2007 Update on Allogeneic Islet Transplantation from the Collaborative Islet Transplant Registry (CITR)

Publication Type
Journal Article
Year of Publication
The Collaborative Islet Transplant Registry (CITR); Barton, FB; Wease, S; Stablein, D; Damodharan, Y; Heitman, A; Wagner, C; Danoff, R
Cell Transplant
Start Page
Date Published
diabetes mellitus; Europe; Female; Glycosylated/metabolism; Hemoglobin A; Humans; Hypoglycemia/metabolism; Hypoglycemia/physiopathology; Immunosuppression/adverse effects; Insulin/metabolism; Islets of Langerhans Transplantation/adverse; Type 1/therapy*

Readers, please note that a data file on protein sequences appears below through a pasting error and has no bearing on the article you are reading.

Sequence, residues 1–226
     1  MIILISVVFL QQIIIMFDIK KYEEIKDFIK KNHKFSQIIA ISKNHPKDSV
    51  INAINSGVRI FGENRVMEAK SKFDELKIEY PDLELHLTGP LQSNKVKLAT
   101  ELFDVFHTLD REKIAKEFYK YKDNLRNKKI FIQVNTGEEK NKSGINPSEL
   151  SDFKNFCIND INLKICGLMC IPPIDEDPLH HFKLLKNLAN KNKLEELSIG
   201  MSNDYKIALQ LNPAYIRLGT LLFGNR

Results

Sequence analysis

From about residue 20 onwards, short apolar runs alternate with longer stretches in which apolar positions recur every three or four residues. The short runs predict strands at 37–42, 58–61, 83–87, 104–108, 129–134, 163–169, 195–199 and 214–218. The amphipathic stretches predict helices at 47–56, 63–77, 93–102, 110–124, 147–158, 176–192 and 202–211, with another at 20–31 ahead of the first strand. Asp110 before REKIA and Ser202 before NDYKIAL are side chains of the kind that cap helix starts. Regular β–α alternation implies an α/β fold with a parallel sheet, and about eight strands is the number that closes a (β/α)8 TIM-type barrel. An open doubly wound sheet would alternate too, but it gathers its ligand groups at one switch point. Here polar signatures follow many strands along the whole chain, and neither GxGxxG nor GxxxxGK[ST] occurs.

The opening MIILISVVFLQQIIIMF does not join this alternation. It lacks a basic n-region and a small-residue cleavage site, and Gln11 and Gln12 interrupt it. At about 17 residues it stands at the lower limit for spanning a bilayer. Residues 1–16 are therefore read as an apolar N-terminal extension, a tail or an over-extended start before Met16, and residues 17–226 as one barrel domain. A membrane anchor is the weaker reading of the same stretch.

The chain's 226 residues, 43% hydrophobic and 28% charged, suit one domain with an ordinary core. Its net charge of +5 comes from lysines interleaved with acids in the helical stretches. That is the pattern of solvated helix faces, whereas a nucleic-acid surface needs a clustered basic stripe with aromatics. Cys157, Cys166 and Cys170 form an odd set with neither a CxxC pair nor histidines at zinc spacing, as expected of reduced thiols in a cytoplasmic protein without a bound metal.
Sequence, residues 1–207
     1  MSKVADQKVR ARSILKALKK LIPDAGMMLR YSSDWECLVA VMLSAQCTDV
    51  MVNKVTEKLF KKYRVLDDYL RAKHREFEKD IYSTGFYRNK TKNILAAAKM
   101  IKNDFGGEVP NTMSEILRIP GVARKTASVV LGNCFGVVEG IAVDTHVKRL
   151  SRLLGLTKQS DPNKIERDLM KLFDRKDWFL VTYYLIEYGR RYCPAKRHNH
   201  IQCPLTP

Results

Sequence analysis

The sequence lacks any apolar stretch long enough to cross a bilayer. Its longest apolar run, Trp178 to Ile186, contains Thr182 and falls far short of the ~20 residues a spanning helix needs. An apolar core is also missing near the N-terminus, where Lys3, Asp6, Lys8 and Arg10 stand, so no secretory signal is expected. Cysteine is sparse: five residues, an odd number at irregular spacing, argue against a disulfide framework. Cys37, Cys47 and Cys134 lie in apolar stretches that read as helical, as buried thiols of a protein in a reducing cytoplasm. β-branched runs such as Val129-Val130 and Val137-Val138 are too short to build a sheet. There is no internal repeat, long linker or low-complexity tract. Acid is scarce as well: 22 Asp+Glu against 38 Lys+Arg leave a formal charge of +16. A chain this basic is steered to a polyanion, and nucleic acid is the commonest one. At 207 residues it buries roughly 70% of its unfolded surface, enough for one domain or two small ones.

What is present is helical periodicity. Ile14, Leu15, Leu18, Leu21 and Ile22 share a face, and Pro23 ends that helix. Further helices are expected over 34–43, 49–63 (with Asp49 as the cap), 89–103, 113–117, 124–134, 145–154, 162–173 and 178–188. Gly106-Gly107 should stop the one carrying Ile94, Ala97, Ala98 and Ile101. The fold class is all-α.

As of October 1, 2007, 25 North American medical institutions and one European islet transplant center reported detailed information to the Registry on 315 allograft recipients, of which 285 were islet alone (IA) and 30 were islet after kidney (IAK). Of the 114 IA recipients expected at 4 years after their last infusion, 12% were insulin independent, 16% were insulin dependent with detectable C-peptide, 40% had no detectable C-peptide, and 32% had missing C-peptide data or were lost to follow-up. Of the IA recipients, 72% achieved insulin independence at least once over 3 years and multiple infusions. Factors associated with achievement of insulin independence included islet size >1.0 expressed as IEQs per islet number [hazard ratio (HR) = 1.5, p = 0.06], additional infusions given (HR = 1.5, p = 0.01), lower pretransplant HbA(1c) (HR = 1.2 each %-age unit, p = 0.02), donor given insulin (HR = 2, p = 0.003), daclizumab given at any infusion (HR = 1.9, p = 0.06), and shorter cold storage time (HR = 1.04, p = 0.03), mutually adjusted in a multivariate model. Severe hypoglycemia prevalence was reduced from 78-83% preinfusion to less than 5% throughout the first year post-last infusion, and to 18% adjusted for missing data at 3 years post-last infusion. In Year 1 post-first infusion for IA recipients, 53% experienced a Grade 3-5 or serious adverse event (AE) and 35% experienced a severe AE related to either an infusion procedure or immunosuppression. In Year 1 post-first infusion, 33% of IA subjects and 35% of IAK subjects had an AE related to the infusion procedure, while 35% of IA subjects and only 27% of IAK subjects had an AE related to the immunosuppression therapy. Five deaths were reported, of which two were classified as probably related to the infusion procedure or immunosuppression, and 10 cases of neoplasm, of which two were classified as probably related to the procedure or immunosuppression. Islet transplantation continues to show short-term benefits of insulin independence, normal or near normal HbA(1C) levels, and sustained marked decrease in hypoglycemic episodes.